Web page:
Yesterday by Les Moore is another of those obscure gems from the early seventies that surface now and then, seemingly out of the blue. In the case of Les Moore, he was a young singer-songwriter, who was opening for the likes of Cat Stevens, Jethro Tull, and The Allman Brothers. He met Capricorn Records engineer Terry Kane at this time, who got him signed to the label briefly. When it was obvious that nothing was going to come of the deal, the two moved to New Orleans, where Yesterday was recorded.
The album was released in 1973, on their own Natural Records imprint, and was sold primarily at local shows. A couple of years later, Les Moore moved to North Carolina, and that was seemingly the end of his brief shot at musical stardom. But the seven tracks he and Kane recorded would not go away. Unlike a million other self-released vanity projects, Yesterday is an unforgettably dark and personal series of songs, which are not easily forgotten.
For the most part, all seven are just Moore and his acoustic guitar. The album opens up with “From Where To Turn,” and the listener is immediately drawn in by Moore’s voice. For someone who had mostly just played coffee houses, his voice is remarkably self-assured. One of Moore’s biggest strengths is the absolute conviction he brings to lyrics full of self-doubt.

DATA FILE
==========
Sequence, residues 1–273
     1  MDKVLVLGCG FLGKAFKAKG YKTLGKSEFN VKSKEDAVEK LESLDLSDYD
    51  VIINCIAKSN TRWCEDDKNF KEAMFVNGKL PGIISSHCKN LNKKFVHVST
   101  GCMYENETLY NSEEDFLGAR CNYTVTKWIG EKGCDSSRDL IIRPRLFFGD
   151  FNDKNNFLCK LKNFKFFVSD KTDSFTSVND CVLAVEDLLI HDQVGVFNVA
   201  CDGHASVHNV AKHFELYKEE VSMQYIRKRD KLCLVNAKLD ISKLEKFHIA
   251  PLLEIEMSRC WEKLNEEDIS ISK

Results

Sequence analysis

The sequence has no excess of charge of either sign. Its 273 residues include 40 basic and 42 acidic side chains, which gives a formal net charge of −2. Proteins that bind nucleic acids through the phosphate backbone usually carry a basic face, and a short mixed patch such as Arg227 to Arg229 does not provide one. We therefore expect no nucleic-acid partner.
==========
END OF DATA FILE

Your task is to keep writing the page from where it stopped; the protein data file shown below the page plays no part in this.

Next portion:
“Ooh-Pah-Do-Pah-Do” another beauty. How a man alone with his guitar can evoke such haunting emotion is beyond me. The only thing I can compare it to is Nick Drake’s Pink Moon, which would not come out for another year. “Now To Begin” is the lone “topical” tune, and is directed against the Vietnam war. But the truths it illuminates are universal, and speak of matters that go much further than just the troubles in Southeast Asia.
If the previous six cuts did not show his utter fearlessness, Moore’s cover of The Beatle’s “A Day In The Life” certainly does. In Acid Archives, Patrick Lundborg describes Moore’s take as: “A scary jump into the abyss.” He is entirely correct on that one. Moore may not have written it, but his voice and guitar are positively revelatory. It is as if this is a completely different song than the one The Beatles recorded. It is one of the best interpretations I have ever heard.
Thirty seven years later, Les Moore is a happily married man, with kids even. His newly written liner notes for the reissue barely acknowledge the darkness and depth of his lone LP. “I attribute [the darkness] to the times, and bleakness of the winter,” he states. Maybe so, but the music he laid down all those years ago remains incredibly powerful. It is our great fortune that the people at Riverman Records saw fit to re-release this gem. I recommend it to fans of Nick Drake‘s Pink Moon, Van Morrison’s Veedon Fleece, and Neil Young‘s On The Beach.